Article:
“For Sale. Baby Shoes. Never Worn.” | Collapse of Industrial Civilization.

“For Sale. Baby Shoes. Never Worn.”

02 Monday Dec 2013


Despite mounting evidence of our grim reality, the world’s psychopathic leadership remains willfully deaf, dumb, and blind to the unfolding global ecocide and humanicide. A persistent sounding of the alarm by a tiny minority of the population only seems to have irritated and offended those in the elite class who are pressing the fossil-fueled industrial machine onward, full steam ahead. However, it’s not a cliff we are headed towards because surely the psychopaths would have hidden their parachutes underneath their business suits. There will be no Bottleneck for humans because we’re headed toward the black hole of extinction from which nobody gets out alive. Yes, they’ll be a few hangers-on for a brief period until there is only one lone straggler… and then darkness for the human species along with 99% of all other life. We’re doomed by a pathocracy:

…from Greek pathos, “feeling, pain, suffering”; and kratos, “rule”

A totalitarian form of government in which absolute political power is held by a psychopathic elite, and their effect on the people is such that the entire society is ruled and motivated by purely pathological values.

A pathocracy can take many forms and can insinuate itself covertly into any seemingly just system or ideology. As such it can masquerade under the guise of a democracy or theocracy as well as more openly oppressive regimes…

Kevin Moore, a frequent commenter on this site, has provided us with an excellent summation of current factors which clearly spell extinction for the “wise” ape. Certainly if a reasonable person in charge studies his list, they would want to turn this ill-fated ship around before it quite literally takes everyone down into a deep, watery grave. On the contrary, Kevin points out that they are “throwing the compass and fishing gear overboard” and “boring holes in the hull while distributing all the rations for immediate consumption.” I’m afraid those who have managed to work their way into political positions are forbidden from making any decisions jeopardizing business-as-usual; but as the memes go, there is no business on a dead planet nor is there a planet B. The least these politicians and corporate heads could do is be honest with their own children by telling them their future is not as important as the short-term profits to be had right now by ripping up the Earth’s last remaining resources and fouling the biosphere. If they cannot be truthful to their own offspring, how could we expect them to be forthright and unbiased with us?

At any rate and for posterity’s sake (however brief that may be), here is Kevin’s detailed and ‘hopium-free’ list:

Yesterday I sent out an email to a long list of people concerning the meeting I had with the local council’s climate change officer, during which I pointed out we are in the early stages of complete meltdown of planetary systems. And ‘nobody’ is at all bothered.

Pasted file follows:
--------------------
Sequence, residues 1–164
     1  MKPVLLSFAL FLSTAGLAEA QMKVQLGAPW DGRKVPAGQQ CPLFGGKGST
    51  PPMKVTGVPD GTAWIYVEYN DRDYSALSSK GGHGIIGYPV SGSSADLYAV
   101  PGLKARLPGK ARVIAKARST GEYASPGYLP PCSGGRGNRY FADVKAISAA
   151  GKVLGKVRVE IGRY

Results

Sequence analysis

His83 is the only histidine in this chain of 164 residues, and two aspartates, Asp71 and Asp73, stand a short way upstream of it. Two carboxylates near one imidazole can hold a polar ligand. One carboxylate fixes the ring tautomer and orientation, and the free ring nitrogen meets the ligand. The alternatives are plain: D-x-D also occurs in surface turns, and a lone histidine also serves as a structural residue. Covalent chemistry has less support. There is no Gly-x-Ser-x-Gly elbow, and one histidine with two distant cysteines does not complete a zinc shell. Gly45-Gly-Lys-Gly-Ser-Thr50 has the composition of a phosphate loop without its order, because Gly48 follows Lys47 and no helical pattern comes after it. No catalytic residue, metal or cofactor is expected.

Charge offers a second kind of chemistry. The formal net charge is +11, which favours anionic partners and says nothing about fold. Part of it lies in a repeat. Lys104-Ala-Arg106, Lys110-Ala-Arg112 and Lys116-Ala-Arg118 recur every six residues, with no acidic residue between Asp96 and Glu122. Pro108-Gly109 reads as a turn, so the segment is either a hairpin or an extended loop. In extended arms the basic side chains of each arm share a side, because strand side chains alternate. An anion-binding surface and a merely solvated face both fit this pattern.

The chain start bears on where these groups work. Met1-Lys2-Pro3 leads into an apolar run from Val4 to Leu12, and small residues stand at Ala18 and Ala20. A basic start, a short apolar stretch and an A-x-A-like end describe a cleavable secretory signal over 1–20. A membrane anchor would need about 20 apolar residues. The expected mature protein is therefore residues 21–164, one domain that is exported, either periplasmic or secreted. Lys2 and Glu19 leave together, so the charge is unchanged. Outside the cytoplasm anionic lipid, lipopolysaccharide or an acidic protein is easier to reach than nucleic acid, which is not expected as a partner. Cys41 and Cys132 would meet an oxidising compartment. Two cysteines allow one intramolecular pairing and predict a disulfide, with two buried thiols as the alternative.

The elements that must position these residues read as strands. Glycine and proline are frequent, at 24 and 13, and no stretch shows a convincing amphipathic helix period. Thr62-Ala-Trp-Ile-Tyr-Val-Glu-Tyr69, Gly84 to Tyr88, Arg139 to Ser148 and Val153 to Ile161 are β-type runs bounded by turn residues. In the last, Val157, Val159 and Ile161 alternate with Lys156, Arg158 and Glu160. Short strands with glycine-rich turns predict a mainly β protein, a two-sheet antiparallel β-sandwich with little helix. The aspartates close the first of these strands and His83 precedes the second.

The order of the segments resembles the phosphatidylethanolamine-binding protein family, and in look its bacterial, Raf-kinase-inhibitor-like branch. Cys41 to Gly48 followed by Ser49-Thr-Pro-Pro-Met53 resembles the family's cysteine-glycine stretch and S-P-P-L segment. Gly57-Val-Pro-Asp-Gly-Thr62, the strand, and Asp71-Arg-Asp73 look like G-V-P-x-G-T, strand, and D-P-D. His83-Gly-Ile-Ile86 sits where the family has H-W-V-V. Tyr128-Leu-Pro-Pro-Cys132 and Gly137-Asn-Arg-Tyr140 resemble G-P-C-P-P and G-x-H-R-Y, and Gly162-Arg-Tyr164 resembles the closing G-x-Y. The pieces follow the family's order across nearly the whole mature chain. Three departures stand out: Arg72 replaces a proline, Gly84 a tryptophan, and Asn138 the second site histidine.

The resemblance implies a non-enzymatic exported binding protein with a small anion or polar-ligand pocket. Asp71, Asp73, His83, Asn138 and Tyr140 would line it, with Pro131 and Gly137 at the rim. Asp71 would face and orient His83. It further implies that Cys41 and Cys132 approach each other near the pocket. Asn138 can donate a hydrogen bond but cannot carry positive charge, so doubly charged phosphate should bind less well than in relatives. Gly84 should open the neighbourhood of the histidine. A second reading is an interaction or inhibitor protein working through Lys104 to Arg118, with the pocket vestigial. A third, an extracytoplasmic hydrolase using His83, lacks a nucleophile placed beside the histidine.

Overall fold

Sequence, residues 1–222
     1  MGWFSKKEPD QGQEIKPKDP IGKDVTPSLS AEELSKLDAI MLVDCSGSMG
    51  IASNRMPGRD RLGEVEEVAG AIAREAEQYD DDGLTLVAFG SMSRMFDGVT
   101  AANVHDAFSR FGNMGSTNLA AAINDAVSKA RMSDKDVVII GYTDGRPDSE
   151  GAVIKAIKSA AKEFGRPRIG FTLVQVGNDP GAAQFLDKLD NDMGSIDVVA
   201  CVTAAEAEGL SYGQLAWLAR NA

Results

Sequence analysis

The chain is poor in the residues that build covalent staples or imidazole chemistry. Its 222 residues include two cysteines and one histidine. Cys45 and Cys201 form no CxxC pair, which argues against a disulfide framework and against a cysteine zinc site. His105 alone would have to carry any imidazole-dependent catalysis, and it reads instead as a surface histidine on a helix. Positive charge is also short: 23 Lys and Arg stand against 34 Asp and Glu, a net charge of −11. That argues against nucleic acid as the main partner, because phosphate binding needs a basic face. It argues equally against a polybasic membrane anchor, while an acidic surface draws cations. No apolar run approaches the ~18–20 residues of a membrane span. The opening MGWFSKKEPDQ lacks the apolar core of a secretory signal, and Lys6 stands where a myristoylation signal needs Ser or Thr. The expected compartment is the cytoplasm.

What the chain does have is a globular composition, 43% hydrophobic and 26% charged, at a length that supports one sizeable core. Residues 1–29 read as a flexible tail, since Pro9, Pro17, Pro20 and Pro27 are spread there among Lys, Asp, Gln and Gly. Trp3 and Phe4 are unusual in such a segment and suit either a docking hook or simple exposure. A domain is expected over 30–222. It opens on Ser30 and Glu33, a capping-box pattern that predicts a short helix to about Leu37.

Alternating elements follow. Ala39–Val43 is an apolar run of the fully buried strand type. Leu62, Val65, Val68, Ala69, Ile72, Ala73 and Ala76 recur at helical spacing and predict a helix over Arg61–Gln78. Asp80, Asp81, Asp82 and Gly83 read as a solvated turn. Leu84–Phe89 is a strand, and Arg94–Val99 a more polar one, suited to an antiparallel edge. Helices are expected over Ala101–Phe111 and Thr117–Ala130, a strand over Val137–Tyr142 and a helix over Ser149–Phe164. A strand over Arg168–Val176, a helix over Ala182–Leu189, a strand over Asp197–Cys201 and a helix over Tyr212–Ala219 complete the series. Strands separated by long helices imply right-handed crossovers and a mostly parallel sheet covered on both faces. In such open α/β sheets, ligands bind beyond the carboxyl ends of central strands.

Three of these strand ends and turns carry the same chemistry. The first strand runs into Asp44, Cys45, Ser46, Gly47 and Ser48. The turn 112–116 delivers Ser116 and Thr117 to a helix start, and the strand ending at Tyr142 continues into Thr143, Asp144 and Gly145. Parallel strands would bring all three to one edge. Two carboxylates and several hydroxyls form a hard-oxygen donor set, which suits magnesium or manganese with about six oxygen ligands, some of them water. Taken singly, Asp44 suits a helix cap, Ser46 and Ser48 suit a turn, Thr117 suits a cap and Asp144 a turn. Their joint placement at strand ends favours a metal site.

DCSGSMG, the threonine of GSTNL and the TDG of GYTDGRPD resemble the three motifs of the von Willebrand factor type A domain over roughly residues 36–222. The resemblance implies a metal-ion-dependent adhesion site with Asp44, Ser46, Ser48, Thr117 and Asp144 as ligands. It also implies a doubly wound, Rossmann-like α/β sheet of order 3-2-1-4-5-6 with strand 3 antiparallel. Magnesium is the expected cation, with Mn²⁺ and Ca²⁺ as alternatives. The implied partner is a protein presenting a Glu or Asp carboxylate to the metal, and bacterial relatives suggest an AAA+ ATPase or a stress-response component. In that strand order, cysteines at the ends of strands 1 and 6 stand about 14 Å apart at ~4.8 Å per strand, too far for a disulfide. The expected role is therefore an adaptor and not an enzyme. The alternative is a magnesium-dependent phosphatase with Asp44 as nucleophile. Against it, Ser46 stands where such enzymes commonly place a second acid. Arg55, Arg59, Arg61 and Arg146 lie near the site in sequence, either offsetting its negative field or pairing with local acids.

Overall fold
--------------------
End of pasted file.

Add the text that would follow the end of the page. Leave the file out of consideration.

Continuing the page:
Here is what I sent as a summary of the meeting: .

I raised the following points with Colin Comber, New Plymouth District Council climate change officer, at our meeting on Friday, 29th November, 2013. On most points he had nothing to say.

1. The forcing factor for methane has been raised from 23 times CO2 to 34 times CO2. Even that multiplier understates the warming potential in the short term, and a figure of at least 100 times should be used for methane bursts.

2. Recent methane bursts in the East Siberian Sea have resulted in 2000ppb, which is equivalent to over 200ppm CO2 in the short-term, making the total global CO2 equivalence 600ppm (at least). The extraordinarily high concentration of greenhouse gases has resulted in rapid temperature increases in the Arctic (up around 1C since 2006, despite the huge amount of energy involved in melting ice.).

3. 2012 saw the lowest ever summer ice area.

4. The current Arctic ice area is hovering around two standard deviations below the historic average, but much of the ice is thin and new, making 2013 the lowest stable ice volume ever.

5. Atmospheric CO2 hit 400ppm earlier this year. It troughed at 393ppm (photosynthesis cycle) and is on its way up; it is anticipated to reach 403ppm April-May 2014.

6. The heat forcing of current atmospheric CO2 is equivalent to around 400,000 Hiroshima-sized bombs being exploded every day.

7. The present level of atmospheric CO2 is 40% above the pre-industrial level and corresponds to a sea level 23 meters above current; the reason we don’t have an immediate sea level rise is the thermal lag of warming deep oceans and converting ice into water. Such a level of CO2 has not been experienced any time in the evolution of humans over the past 2 million years. Indeed, for much of our recent history the CO2 level was around 180ppm and there were thick ice sheets as far south as central England.